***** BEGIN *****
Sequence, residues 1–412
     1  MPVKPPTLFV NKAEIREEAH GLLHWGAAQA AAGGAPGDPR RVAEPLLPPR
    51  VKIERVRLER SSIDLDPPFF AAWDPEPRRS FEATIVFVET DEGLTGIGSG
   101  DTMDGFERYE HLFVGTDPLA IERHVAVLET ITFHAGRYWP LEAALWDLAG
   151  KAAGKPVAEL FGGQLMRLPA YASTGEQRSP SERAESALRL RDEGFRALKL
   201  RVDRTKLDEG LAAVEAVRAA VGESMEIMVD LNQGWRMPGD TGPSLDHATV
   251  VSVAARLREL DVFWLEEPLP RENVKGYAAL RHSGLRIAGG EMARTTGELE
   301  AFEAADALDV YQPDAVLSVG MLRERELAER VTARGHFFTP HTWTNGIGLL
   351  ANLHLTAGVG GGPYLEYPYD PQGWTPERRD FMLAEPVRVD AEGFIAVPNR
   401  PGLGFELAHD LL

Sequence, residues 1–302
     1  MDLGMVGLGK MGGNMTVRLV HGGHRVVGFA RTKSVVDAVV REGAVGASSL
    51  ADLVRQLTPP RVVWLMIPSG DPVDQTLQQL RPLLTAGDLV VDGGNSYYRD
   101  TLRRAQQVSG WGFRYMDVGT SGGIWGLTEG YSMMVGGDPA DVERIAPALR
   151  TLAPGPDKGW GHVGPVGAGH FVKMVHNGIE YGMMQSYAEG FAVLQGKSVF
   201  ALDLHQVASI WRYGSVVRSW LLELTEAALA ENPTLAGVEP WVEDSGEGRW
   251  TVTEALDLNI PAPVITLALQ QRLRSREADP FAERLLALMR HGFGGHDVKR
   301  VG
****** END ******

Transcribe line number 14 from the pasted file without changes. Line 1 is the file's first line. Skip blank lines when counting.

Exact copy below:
   101  TLRRAQQVSG WGFRYMDVGT SGGIWGLTEG YSMMVGGDPA DVERIAPALR